Dutch, Belgians mark decade of 'mercy killings'

March 30, 2012 by Nicolas Delaunay

Ten years after they became the first countries to legalise euthanasia, the Netherlands and Belgium now provide assisted suicide to 4,000 people a year.

Most have been cancer sufferers but there are now also some with Alzheimer's disease, following a new interpretation of the law.

Since euthanasia became legal in the Netherlands in April 2002, "the statute has remained unchanged, but what has changed is the the way doctors interpret it," said Inge Freriksen, spokeswoman for the Dutch .

Mercy killing by lethal injection is allowed in the Netherlands for patients who are fully mentally alert but whose suffering has become "unbearable and unending" due to .

About a third of all the requests deemed to be "serious" are honoured by doctors, the ministry said.

"The concept of 'unbearable suffering' has become much clearer" over the years, said Eric van Wijlick, policy maker at the Royal Dutch Society of Doctors (KNMG).

Euthanasia was provided to an Alzheimer's patient for the first time last year, something which "would have been unimaginable in 2002," said Walburg de Jong of the pro-mercy killing group Right-to-Die NL.

The overwhelming majority of the 3,136 patients who were euthanised in the Netherlands in 2010 suffered from terminal cancer, about 80 percent choosing to die at home.

Six roving medical teams -- each with a doctor and a -- were recently set up to assist people to die at home when their own local doctors refused to give them lethal injections.

Their intervention has already been requested 100 times since the teams were set up in March, De Jong said.

But this has raised questions in the Dutch medical association.

Euthanasia has become the central point of conversation between a doctor and a patient who is suffering when it should be seen as a "last resort", Wijlick said.

"For those people who expressed the wish to die, death is not always the best solution," he added.

Belgium followed the Dutch example later in 2002 with a law legalising euthanasia after a long debate between Christian and secular parties.

There were 1,133 mercy killings in Belgiun in 2011, representing 1.0 percent of deaths in the country, its Commission for the Evaluation and Control of Euthanasia reported, adding that numbers were growing.

The vast majority -- 81 percent -- of Belgians who choose to die by are Flemish, because of their cultural proximity to the Dutch.

"The (euthanasia) law has been positive, as it has made huge changes in patient-doctor relationships," said Jacqueline Herremans, president of Belgium's Association for the Right to Die with Dignity (ADME).

"Many taboos on the end-of-life have been lifted," she said.

"It allows families to better prepare for it and accept the deaths of their loved ones. They can put in place the rituals, like good-byes and a last meal..," she said.

While most countries forbid mercy killing, the issue is often not clear cut as some allow "passive" , when the medical profession is not required to fight to save a patient, or others where patients can refuse medical care.

Explore further: Dutch group launch mobile mercy killing teams

Related Stories

Dutch group launch mobile mercy killing teams

February 29, 2012
Six specialised teams, each with a doctor, will criss-cross the Netherlands as of Thursday to carry out euthanasia on patients at home whose own doctors refused to do so, a pro-mercy killing group said.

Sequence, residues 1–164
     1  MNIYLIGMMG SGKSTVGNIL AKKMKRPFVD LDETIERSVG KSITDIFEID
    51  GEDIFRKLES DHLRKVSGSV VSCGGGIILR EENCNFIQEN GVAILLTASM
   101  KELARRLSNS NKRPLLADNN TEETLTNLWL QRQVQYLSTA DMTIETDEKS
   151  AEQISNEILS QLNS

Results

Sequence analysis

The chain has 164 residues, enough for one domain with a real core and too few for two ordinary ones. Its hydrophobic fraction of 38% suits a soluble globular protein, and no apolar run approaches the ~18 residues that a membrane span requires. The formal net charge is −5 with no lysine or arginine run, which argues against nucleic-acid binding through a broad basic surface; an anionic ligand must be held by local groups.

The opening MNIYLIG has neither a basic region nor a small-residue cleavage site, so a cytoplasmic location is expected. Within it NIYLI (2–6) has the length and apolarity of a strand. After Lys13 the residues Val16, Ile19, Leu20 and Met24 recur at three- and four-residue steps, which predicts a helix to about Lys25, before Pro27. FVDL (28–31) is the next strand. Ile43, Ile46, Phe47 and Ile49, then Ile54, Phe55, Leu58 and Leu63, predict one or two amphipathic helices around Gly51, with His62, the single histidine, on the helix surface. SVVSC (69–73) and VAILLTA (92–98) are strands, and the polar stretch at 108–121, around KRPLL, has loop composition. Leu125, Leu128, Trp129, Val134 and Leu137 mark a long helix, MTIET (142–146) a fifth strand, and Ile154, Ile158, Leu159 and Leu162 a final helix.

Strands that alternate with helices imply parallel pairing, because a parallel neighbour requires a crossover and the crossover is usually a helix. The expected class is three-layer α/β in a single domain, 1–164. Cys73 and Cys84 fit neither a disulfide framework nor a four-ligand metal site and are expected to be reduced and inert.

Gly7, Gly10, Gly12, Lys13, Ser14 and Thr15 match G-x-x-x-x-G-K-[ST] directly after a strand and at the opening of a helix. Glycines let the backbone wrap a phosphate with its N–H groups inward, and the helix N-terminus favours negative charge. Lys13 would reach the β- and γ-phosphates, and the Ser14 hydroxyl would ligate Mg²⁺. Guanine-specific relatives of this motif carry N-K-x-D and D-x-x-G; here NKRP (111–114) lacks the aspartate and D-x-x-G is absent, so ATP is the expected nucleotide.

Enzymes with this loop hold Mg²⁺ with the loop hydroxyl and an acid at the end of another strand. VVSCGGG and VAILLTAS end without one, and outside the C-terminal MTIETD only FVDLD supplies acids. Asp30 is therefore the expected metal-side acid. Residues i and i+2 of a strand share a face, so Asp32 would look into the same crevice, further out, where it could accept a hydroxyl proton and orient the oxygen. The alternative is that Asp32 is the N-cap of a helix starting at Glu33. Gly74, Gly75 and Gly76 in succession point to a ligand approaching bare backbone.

British court: Right-to-die case can proceed

March 12, 2012
(AP) -- In a case that challenges Britain's definition of murder, a severely disabled man who says his life has no "privacy or dignity" will be granted a hearing on his request that a doctor be allowed to give him a lethal ...

Briton with locked-in syndrome wants right to die

January 23, 2012
(AP) -- Former rugby player Tony Nicklinson had a high-flying job as a corporate manager in Dubai, where he went skydiving and bridge-climbing in his free time.

Recommended for you

Americans are getting more sleep

January 19, 2018
Although more than one in three Americans still don't get enough sleep, a new analysis shows first signs of success in the fight for more shut eye. According to data from 181,335 respondents aged 15 and older who participated ...

Wine is good for you—to a point

January 18, 2018
The Mediterranean diet has become synonymous with healthy eating, but there's one thing in it that stands out: It's cool to drink wine.

Sleep better, lose weight?

January 17, 2018
(HealthDay)—Sleeplessness could cost you when it's time to stand on your bathroom scale, a new British study suggests.

Who uses phone apps to track sleep habits? Mostly the healthy and wealthy in US

January 16, 2018
The profile of most Americans who use popular mobile phone apps that track sleep habits is that they are relatively affluent, claim to eat well, and say they are in good health, even if some of them tend to smoke.

Improvements in mortality rates are slowed by rise in obesity in the United States

January 15, 2018
With countless medical advances and efforts to curb smoking, one might expect that life expectancy in the United States would improve. Yet according to recent studies, there's been a reduction in the rate of improvement in ...

Can muesli help against arthritis?

January 15, 2018
It is well known that healthy eating increases a general sense of wellbeing. Researchers at Friedrich-Alexander-Universität Erlangen-Nürnberg (FAU) have now discovered that a fibre-rich diet can have a positive influence ...

0 comments

Please sign in to add a comment. Registration is free, and takes less than a minute. Read more

Click here to reset your password.
Sign in to get notified via email when new comments are made.